Of course, the Berlinetta's engine will be the main draw for many buyers. With automakers increasingly turning to turbochargers in order to improve fuel economy, a brand-new naturally aspirated V12 is a special treat indeed. The revs come so fast that it's a challenge to upshift before you hit the 8,700-rpm fuel cutoff, but there's also plenty of roll-on power at lower engine speeds. The soundtrack at full throttle is spine-tingling, and the seven-speed automated manual transmission ensures that every shift is smooth and instantaneous.

What’s New: The 2013 F12 Berlinetta is an all-new model.

The rear-wheel-drive 2013 Ferrari F12 Berlinetta is propelled by a 6.3-liter V12 engine rated at 731 hp and 508 pound-feet of torque. The transmission is a seven-speed dual-clutch automated manual with paddle shifters and launch control. Ferrari reports that the F12 needs just 3.1 seconds to hit 60 mph, racing onward to a stunning top speed of 211 mph.

The EPA estimates that the F12 Berlinetta will return 13 mpg combined (11 city/16 highway), improving to 12 mpg city (but keeping the same ratings otherwise) with the available auto stop-start system.

Safety: Standard safety equipment for the 2013 Ferrari F12 Berlinetta includes antilock carbon-ceramic disc brakes, traction and stability control, front and rear parking sensors and side airbags. Front and rear parking cameras are optional.

Pro: Awesome V12 engine; otherworldly handling abilities; excellent dual-clutch automatic; richly trimmed cabin; daily-driver comfort.

Edmunds Say: Replacing the 599 as Ferrari's flagship grand tourer, the 2013 Ferrari F12 Berlinetta is a V12-powered dynamo with an astonishing mix of performance and refinement.

Introduction: How do you improve on an Italian super coupe with a 612-horsepower V12, racecar-grade handling and drive-all-day luxury? That was Ferrari's modest challenge in designing the successor to the world-beating 599. The all-new 2013 Ferrari F12 Berlinetta is what the company came up with, and there are some strong early indicators that the F12 is up to the task. Most notably, the larger-displacement V12 under the hood makes an astonishing 731 horses, the dual-clutch automated manual transmission is much smoother than the 599's single-clutch unit, and the stability-control system allows some genuine tail-out shenanigans if you want it to, without shirking its duty to keep you on the road.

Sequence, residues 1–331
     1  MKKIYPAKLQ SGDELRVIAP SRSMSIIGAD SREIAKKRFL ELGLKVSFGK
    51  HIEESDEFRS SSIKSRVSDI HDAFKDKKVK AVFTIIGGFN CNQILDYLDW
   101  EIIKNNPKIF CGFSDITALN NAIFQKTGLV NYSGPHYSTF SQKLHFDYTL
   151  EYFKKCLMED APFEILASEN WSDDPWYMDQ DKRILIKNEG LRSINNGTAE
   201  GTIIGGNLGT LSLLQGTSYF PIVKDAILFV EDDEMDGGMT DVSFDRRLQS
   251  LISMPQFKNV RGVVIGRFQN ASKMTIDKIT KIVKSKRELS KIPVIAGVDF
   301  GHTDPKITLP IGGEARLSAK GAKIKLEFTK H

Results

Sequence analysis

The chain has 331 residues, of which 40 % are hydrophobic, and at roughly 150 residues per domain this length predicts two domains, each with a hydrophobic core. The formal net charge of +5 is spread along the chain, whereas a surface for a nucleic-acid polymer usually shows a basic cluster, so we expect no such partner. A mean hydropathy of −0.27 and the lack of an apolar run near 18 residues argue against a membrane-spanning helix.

The F12's cabin technology also constitutes a significant upgrade. The Berlinetta boasts two high-resolution, multifunction displays that surround the center-mounted tachometer in the gauge cluster. The ergonomics are far from perfect -- each screen has a dedicated control pod that's mounted below the cluster, making on-the-fly adjustments an iffy proposition -- but the execution is worlds better than what the 599 got away with. Ferrari also offers intriguing add-ons like a passenger-side performance display (including current gear, speed and rpm) and a telemetry suite that can be paired with onboard video for full track-day recording and analysis.

So what's not to like? Well, the robust demand for used Ferraris tells us there are plenty of enthusiasts out there who enjoy a manual transmission, yet the F12 Berlinetta doesn't offer one at all, distancing itself from the 599 and its standard six-speed manual. Additionally, the F12's styling may leave something to be desired, from the odd aerodynamic squiggle along the side panels to the perhaps uncomfortably Corvette-like nose and profile. We'd also like to see a more exclusive interior, as some of the Berlinetta's knobs and buttons seem rather generic by the standards of cars that cost as much as a respectable house.

But considering that the F12 is the most powerful road-going Ferrari ever (aside from the limited-production LaFerrari), you might be willing to forgive these foibles. While you're mulling it over, we recommend sampling the wares of the midengine 2013 Lamborghini Aventador, which has a stiffer ride but packs a 690-hp V12 and a dynamic, sophisticated interior. If truly exotic styling is what you're after, the Lambo will be hard to resist. But if you're looking for a civilized blend of capability and comfort, the 2013 F12 Berlinetta is as good as it gets.